When 2 = 11.1: Virtually Surrounded

CALABASAS, CA—Not every household has a surround sound system installed, but with multiple reports predicting that there will be more mobile devices than people on Earth by the end of this year, headphone vir tualization could deliver immersive audio to a massive audience.
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Lionsgate’s Divergent App features numerous scenes presented with Headphone:X. CALABASAS, CA—Not every household has a surround sound system installed, but with multiple reports predicting that there will be more mobile devices than people on Earth by the end of this year, headphone vir tualization could deliver immersive audio to a massive audience. Headphone playback replicating immersive sound formats is still relatively new (notwithstanding binaural, which has been available for many years, of course), but DTS has already seen its 11.1-channel Headphone:X adopted for use by a number of content creators.

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In late July, Lions Gate Films, Comcast and DTS collaborated to make available an immersive experience for digital consumers via an iPad app for Divergent, the first film based on a trilogy of young adult novels set in a dystopian future Chicago, which has grossed $300 million at the box office worldwide. Subscribers to Comcast’s Xfinity On Demand platform (there are reportedly 20 million-plus) who purchase the film can reportedly unlock more than 6 1/2 hours of interactive value-added material via the app, which utilizes Headphone:X technology to present content in DTS’ 11.1 playback configuration, which includes front and rear height channels.

According to DTS, this is the first time Headphone:X technology has been made available for users to experience content from a major feature film. But this is not the first time that DTS headphone virtualization technology has been used in conjunction with premium content. In mid-June 2013, the technology was used to deliver Hans Zimmer’s original soundtrack from the Superman film Man of Steel via a special app and code included in the deluxe CD package. In that instance, the downloadable tracks were presented via Headphone:X using Zimmer’s own head-related transfer function (HRTF) as measured at the listening position in his personal studio.

More recently, country music duo Florida Georgia Line released an iOS and Android app enabling playback on mobile devices of the pair’s new album, Anything Goes, mixed for DTS Headphone:X. A clip of the 11.1 mix for the single “Dirt,” which topped the Billboard Hot Country Songs chart a few months ago, features prominently on the band’s web site, together with a video segment featuring Florida Georgia Line’s Brian Kelley and Tyler Hubbard doing the channel call-out.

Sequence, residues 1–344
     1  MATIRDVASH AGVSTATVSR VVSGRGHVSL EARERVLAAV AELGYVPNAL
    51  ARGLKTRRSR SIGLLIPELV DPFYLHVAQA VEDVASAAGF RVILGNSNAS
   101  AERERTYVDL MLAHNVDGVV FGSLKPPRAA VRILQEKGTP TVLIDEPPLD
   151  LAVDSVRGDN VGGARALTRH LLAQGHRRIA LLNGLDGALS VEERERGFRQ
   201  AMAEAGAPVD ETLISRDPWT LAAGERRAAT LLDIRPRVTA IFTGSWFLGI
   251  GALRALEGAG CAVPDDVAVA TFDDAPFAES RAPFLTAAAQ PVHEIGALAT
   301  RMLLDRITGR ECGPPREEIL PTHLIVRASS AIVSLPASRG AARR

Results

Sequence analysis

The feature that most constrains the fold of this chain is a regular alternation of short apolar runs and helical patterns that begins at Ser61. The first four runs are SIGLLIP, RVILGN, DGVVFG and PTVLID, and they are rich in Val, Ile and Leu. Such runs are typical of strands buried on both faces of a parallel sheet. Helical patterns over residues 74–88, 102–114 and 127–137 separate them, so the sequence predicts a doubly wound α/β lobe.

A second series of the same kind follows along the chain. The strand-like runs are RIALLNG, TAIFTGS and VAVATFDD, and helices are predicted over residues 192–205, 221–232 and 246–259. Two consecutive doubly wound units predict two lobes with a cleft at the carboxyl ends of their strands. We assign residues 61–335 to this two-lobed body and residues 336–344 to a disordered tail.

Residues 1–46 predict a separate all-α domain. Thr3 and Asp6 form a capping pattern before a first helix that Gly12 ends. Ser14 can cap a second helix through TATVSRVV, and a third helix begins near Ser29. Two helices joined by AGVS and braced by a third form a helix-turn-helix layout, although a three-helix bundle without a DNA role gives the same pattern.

The Divergent app provided the film’s producers with an alternative platform through which to deliver premium content, according to Molly Kronberg, vice president, corporate strategy and development for DTS. “Lionsgate is really on the cutting edge, a really innovative company. They think long-term, and strategically, they think about what’s coming next. If you have a Blu-ray [Disc], the challenge is how you deliver all the added-value content. The answer, in their minds, is an app that’s available to anyone.”

Divergent is what is known as a “life cycle” app, designed to keep fans engaged throughout the run of the franchise, the next episode of which, Insurgent, is due for release March 20, 2015. The app is free to download for anyone, and while the user must be an Xfinity subscriber to access much of the additional content, there are some scenes from the film presented with a Headphone:X mix, together with an explanation of the technology and a spoken call-out of the 11 virtual speaker channels, that are available to all.

“In the free app, there eventually will be a total of four segments that have to do with Headphone:X,” explains Kronberg. “The first is a consumer-oriented description of Headphone:X. Then every two weeks, they’re loading additional clips of the movie that were remixed for and delivered in Headphone:X. They’re twoto four-minutes long. I think there will be three or four in total.”

Among the exclusive content is a special feature of about nine minutes in length, says Kronberg. “Six minutes of it are an experience as if you were blindfolded, so it’s all about Headphone:X.” The “Dauntless Fear Simulator” was created using audio elements from the film soundtrack.

“Lionsgate brought Tim Hoogenakker, a great mixer, in for these clips and the special feature,” reports Kronberg. “Ben Ling was the guy who executive directed the piece, including the design and look of the app, not just the feature.”

The DTS technology is headphone- brand agnostic but offers presets that optimize playback for type. “You pick your headphones,” she says. “All of the content has been EQ’ed and you have a choice to listen to it with over-the-ear or on-the-ear headphones or earbuds.”

Kronberg comments, “The thing that’s really neat is that Lionsgate saw that Headphone:X was enough of a value to use it as a special feature for one of their premier customer’s consumers.

“The long-term strategy is to have content decoding and virtualizing on the device or via an app, as in this case. In this particular case, the content was pre-mixed for it, but that’s not always going to be the case. We’ve got solutions that obviously work in mobile devices.”
DTS, Inc.
www.dts.com